To the Manor Born


The treasures of the great London estate Kenwood House (remodeled in the 18th century by Robert Adam) have arrived at the Museum of Fine Arts, Houston. It%26rsquo;s an embarrassment of riches: 48 masterpieces culled by Guinness brewery kingpin Edward Cecil Guinness, aka 1st Earl of Iveagh, and acquired during the late 19th century in a fierce collecting contest between the earl and American gilded-age tycoons with names such as Frick, Rothschild and Morgan. It%26rsquo;s the first transatlantic crossing for most of these canvases, and they begin their American tour in Houston while Kenwood gets a redux. This is really two shows in one. The magnificent action begins with iconic Dutch and Flemish canvases, including van Dyck%26rsquo;s 1634 portrait of Princess Henrietta of Lorraine and Rembrandt%26rsquo;s sublime self-portrait, circa 1665, presenting the artist with his palette and brushes (this celebrated Rembrandt stopped at the Metropolitan Museum of Art for its own show before coming to the MFAH). Then in the next room, some of the greatest hits of British Grand Manner portraiture make an unforgettable entrance. Starring 18th-century femmes captured by Gainsborough, Romney and Reynolds in fashionable splendor %26mdash; from their frocks%26rsquo; diaphanous lacy embellishments to the latest in up-dos and millinery %26mdash; they bring together both regal noblewomen and racy types who rocked polite society, such as Emma Hart, paramour of Admiral Nelson, and bewitching courtesan Kitty Fisher. %26ldquo;Rembrandt, Van Dyck, Gainsborough: The Treasures%26nbsp; of Kenwood House, London,%26rdquo; through September 3, at the Museum of Fine Arts, Houston, Beck Building, 713.639.7300; mfah.org.

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IMAGE: Thomas Gainsborough%26rsquo;s Mary, Countess Howe, circa 1764, at MFAH. Photo collection Kenwood House, English Heritage; Courtesy American Federation of Arts

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To the Manor Born


The treasures of the great London estate Kenwood House (remodeled in the 18th century by Robert Adam) have arrived at the Museum of Fine Arts, Houston. It%26rsquo;s an embarrassment of riches: 48 masterpieces culled by Guinness brewery kingpin Edward Cecil Guinness, aka 1st Earl of Iveagh, and acquired during the late 19th century in a fierce collecting contest between the earl and American gilded-age tycoons with names such as Frick, Rothschild and Morgan. It%26rsquo;s the first transatlantic crossing for most of these canvases, and they begin their American tour in Houston while Kenwood gets a redux. This is really two shows in one. The magnificent action begins with iconic Dutch and Flemish canvases, including van Dyck%26rsquo;s 1634 portrait of Princess Henrietta of Lorraine and Rembrandt%26rsquo;s sublime self-portrait, circa 1665, presenting the artist with his palette and brushes (this celebrated Rembrandt stopped at the Metropolitan Museum of Art for its own show before coming to the MFAH). Then in the next room, some of the greatest hits of British Grand Manner portraiture make an unforgettable entrance. Starring 18th-century femmes captured by Gainsborough, Romney and Reynolds in fashionable splendor %26mdash; from their frocks%26rsquo; diaphanous lacy embellishments to the latest in up-dos and millinery %26mdash; they bring together both regal noblewomen and racy types who rocked polite society, such as Emma Hart, paramour of Admiral Nelson, and bewitching courtesan Kitty Fisher. %26ldquo;Rembrandt, Van Dyck, Gainsborough: The Treasures%26nbsp; of Kenwood House, London,%26rdquo; through September 3, at the Museum of Fine Arts, Houston, Beck Building, 713.639.7300; mfah.org.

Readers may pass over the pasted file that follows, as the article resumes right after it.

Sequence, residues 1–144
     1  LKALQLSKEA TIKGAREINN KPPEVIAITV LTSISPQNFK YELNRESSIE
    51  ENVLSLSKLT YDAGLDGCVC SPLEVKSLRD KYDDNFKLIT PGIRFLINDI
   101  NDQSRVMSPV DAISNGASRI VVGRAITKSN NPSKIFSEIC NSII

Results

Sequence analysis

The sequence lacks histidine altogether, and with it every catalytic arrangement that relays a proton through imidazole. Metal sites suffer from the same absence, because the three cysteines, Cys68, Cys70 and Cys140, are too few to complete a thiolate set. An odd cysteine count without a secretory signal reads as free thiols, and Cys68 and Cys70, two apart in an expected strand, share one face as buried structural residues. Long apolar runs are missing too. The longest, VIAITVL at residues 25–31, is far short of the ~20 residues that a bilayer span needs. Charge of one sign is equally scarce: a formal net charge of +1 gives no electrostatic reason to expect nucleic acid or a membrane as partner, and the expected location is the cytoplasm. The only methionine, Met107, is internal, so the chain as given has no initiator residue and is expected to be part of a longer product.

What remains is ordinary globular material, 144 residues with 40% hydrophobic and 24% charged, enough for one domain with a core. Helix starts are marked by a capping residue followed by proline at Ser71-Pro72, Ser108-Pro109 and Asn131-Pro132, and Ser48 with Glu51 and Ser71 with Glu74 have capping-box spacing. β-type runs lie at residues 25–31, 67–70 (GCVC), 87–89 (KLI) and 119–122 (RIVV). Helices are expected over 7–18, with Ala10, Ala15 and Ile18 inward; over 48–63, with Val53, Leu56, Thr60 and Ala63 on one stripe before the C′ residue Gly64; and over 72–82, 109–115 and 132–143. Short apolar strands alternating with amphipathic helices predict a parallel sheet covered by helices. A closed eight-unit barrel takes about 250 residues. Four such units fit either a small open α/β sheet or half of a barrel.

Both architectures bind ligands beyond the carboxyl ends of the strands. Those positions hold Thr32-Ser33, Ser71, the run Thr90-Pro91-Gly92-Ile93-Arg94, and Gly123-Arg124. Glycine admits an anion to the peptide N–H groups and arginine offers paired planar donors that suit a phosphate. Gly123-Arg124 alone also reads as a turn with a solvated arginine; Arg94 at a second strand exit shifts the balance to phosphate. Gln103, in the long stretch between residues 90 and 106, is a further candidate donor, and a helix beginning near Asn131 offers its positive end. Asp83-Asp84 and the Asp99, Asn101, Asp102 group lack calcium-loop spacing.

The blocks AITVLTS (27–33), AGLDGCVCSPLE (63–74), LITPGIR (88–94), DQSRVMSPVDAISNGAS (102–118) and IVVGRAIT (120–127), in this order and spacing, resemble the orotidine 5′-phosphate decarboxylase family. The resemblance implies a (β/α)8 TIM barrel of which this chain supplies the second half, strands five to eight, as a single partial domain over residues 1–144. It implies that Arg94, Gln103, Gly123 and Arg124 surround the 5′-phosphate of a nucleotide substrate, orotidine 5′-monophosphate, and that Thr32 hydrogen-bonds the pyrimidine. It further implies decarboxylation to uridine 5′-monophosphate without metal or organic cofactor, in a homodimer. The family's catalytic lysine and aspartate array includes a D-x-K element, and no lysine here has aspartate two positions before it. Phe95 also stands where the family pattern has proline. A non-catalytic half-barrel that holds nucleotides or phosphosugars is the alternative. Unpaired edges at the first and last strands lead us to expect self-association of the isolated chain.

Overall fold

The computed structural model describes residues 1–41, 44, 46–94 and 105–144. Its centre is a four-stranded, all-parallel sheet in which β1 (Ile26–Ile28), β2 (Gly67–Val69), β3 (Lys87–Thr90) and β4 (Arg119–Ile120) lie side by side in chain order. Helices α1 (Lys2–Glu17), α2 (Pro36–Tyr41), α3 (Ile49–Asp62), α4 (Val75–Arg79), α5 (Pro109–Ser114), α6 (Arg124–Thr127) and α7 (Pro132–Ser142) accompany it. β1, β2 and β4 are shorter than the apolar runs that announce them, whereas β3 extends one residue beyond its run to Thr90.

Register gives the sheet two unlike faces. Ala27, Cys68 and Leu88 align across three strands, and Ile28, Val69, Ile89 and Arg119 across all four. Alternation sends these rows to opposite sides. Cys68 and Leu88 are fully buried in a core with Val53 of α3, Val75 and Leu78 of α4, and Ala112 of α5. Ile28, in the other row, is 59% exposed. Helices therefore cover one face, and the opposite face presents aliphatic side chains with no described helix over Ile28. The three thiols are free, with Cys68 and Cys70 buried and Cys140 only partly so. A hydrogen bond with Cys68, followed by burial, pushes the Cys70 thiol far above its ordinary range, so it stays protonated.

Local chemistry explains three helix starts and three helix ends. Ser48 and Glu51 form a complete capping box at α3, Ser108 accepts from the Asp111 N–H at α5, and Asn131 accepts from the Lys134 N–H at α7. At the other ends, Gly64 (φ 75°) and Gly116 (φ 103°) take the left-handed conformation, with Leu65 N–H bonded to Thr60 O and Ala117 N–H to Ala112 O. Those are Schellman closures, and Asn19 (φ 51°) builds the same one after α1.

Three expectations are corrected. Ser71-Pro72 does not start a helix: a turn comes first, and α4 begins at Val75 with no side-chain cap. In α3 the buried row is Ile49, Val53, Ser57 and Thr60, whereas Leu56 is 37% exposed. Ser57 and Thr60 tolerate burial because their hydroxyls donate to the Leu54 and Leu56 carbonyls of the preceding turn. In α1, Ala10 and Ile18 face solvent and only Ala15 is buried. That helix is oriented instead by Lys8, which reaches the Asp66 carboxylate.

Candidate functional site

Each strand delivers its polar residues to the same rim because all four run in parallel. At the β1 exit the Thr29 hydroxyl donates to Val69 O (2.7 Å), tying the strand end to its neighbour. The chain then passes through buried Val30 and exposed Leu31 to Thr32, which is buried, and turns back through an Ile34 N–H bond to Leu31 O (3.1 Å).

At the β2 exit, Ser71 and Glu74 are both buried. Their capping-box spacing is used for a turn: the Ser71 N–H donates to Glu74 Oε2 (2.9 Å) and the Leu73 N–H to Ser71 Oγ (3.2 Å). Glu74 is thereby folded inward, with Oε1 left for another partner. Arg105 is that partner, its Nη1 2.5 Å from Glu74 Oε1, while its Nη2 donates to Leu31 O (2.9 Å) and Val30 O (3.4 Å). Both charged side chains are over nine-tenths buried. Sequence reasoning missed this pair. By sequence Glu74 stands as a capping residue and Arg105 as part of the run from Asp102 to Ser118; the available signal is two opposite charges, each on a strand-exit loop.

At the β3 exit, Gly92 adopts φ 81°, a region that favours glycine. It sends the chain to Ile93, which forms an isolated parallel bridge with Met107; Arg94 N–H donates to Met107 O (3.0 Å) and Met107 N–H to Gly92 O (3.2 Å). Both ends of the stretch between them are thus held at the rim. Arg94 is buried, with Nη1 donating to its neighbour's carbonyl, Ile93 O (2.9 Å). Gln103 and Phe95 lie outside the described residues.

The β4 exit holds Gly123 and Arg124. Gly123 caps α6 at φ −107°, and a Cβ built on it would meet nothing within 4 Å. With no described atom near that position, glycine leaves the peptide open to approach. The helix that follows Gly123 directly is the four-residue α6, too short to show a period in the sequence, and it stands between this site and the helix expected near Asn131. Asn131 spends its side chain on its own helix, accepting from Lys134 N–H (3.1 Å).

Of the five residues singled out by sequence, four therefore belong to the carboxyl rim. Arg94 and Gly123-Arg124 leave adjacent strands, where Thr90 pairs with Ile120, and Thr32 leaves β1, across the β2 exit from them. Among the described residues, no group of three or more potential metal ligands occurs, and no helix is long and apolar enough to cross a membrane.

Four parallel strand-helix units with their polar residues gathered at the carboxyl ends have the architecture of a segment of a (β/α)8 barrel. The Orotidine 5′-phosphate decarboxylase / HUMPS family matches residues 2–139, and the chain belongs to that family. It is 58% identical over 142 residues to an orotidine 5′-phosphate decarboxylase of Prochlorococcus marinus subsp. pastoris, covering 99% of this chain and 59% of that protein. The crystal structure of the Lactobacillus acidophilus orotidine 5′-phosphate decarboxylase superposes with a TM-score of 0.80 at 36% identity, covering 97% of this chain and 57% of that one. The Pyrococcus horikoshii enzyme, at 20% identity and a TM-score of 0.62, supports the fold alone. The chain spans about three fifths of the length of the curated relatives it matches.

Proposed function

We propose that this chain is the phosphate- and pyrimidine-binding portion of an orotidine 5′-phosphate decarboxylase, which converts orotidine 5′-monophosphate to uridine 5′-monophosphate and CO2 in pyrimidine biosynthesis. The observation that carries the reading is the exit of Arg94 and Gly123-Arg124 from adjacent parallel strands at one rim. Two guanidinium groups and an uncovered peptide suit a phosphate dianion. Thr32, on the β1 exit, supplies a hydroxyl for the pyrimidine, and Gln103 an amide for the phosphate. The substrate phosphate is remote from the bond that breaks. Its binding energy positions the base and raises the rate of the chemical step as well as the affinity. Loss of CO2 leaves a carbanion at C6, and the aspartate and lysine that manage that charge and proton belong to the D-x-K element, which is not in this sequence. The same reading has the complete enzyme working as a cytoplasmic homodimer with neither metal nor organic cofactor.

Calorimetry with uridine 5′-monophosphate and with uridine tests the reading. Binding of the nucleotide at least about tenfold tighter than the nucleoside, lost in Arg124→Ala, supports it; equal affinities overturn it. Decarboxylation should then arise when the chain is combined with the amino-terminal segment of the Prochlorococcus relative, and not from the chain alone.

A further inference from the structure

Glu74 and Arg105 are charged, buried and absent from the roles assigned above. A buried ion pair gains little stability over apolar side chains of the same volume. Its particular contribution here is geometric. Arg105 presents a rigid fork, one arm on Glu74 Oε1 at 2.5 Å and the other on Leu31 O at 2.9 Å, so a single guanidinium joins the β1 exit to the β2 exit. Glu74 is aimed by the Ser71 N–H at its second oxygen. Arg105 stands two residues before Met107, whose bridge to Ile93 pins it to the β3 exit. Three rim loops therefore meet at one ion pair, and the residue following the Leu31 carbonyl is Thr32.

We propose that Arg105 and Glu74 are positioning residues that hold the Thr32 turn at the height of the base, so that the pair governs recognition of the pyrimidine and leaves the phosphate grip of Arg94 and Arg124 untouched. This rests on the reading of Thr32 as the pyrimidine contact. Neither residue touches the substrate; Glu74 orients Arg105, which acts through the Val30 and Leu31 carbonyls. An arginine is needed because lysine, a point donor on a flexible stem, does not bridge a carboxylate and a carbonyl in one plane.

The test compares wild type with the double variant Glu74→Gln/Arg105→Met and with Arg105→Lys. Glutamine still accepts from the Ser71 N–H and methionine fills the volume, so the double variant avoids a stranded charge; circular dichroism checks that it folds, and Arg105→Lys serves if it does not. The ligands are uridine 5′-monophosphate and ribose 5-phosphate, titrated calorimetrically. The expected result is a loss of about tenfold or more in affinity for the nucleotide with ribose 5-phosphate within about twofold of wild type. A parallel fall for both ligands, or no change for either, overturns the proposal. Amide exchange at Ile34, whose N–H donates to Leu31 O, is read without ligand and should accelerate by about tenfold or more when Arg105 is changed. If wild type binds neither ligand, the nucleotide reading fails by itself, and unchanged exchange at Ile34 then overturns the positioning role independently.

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IMAGE: Thomas Gainsborough%26rsquo;s Mary, Countess Howe, circa 1764, at MFAH. Photo collection Kenwood House, English Heritage; Courtesy American Federation of Arts

Comments are closed.

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